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  1. #1
    Administrator Jean's Avatar
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    May 2006

    TX - Businesses want gap in border fence closed

    Posted: Sunday, December 8, 2013 6:00 pm
    By David Crowder El Paso Inc. staff writer

    Dorine Baca-Brown
    Photo by Melody Parra

    While Chip Johns has been fighting the completion of the border fence on his property at the site of the Oñate crossing and Old Fort Bliss, his neighbors have been praying for it.

    “It’s just a real burden for us, and it’s unsafe,” said Dorine Baca-Brown, owner of Baca-Brown Cabinets at 1852 W. Paisano Dr. “Everybody crosses here.

    “We’ve been in the office with customers and had people rush in to get away from the Border Patrol.”

    Her property, like Johns’, backs up to the Rio Grande and the half-mile gap in the border fence.

    Mexico is less than a football field away and the only thing standing in the way is her Cyclone fence loosely topped with razor wire.

    “I can tell you, it has been a freeway crossing here since they left it open,” Baca-Brown said. “We’ve had to repair our fence three times, but I’m not doing it again.”

    She probably won’t have to.

    A contractor has been given notice to proceed with a construction project to close the gap in the fence.

    Johns says the contractor has started moving equipment onto the property and intends to start work soon, despite the recent congressional interest stirred up by him and U.S. Rep. Beto O’Rourke, D-Texas.

    O’Rourke has gotten U.S. Sen. John Cornyn, R-Texas, and five Democratic House members to sign letters asking Thomas Wenkowski, the acting commissioner of Customs and Border Patrol, to review the project in light of the historical significance of the site.

    Historians say it’s where Spanish explorer Juan de Oñate first crossed the Rio Grande in 1598. Simeon Hart established the region’s first mill there in the early 1800s, and it was home to Fort Bliss from 1879 until 1894.

    Two former officers’ quarters buildings are all that remain.

    O’Rourke’s chief of staff, David Wysong, advised El Paso Inc. last week that there has been no word on whether Wenkowski intends to suspend the fence’s construction to give the project another look.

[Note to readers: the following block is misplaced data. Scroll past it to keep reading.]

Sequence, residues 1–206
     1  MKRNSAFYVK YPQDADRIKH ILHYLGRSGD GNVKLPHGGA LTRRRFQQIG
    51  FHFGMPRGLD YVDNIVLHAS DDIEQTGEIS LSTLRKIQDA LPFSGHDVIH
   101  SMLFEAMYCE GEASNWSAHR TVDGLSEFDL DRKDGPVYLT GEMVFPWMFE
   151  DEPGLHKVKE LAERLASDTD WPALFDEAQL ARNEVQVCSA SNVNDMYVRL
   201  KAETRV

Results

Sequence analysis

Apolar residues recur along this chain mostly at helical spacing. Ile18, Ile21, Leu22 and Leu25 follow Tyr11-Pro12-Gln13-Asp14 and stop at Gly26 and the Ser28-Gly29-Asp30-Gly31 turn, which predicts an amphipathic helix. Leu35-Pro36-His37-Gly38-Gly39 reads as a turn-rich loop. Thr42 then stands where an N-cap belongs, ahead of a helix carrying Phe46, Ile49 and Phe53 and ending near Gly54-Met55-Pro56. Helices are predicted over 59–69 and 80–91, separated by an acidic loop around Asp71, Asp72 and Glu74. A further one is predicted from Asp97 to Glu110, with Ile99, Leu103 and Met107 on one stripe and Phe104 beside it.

That is welcome news to Baca-Brown and Allyn Echaniz, vice president of Bomanite Artistic Concrete next door.

    Their stories are virtually identical and both businesses now keep their front doors locked at all times.

    They tell of border crossers coming into their businesses by day, thefts and attempted break-ins by night and wild chases involving Border Patrol agents at all hours.

    “One day, I was here by myself and this guy runs in and sits down right in front of my desk, panting,” Baca-Brown said. “He said, ‘I’m looking for work.’ He wouldn’t leave. Then I remembered a pellet gun in the drawer.

    “I opened the door and slid it onto my lap and let him see the handle. He left pretty quick. Most of the people are just trying to get away, but you never know.”

    Two years ago, she said, there were a couple of incidents a week. Now, they’re relatively rare, but she said she is ready to move.

    As for the interest by O’Rourke and others in an alternative to the 17-foot-high border fence, she said, “History is very important to all of us, but I think safety is much more important.”

    She added, “Even the White House is fenced. There’s a reason for that.”

    Echaniz said she knows the fence is controversial to some, but when federal representatives asked if her business wanted the fence, “We said yes.”

    “On numerous occasions, people just run across to get in the country,” Echaniz said. “One time, the doorbell rang and my son opened it and there was a man bleeding badly.

    “We’ve had people try to break in from the rear. They’ve carved holes in the wall. The alarm goes off and we have to come down at 3 or 4 in the morning to meet the police and turn it off.”

    She said Border Patrol agents have told her the gap in the fence has created a funnel that illegal crossers naturally head for.

    “I think there’s no point in putting up half a fence or three-fourths of a fence,” she said. “We’ve already spent all this money, and now we just need to finish it.”
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  2. #2
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    May 2006
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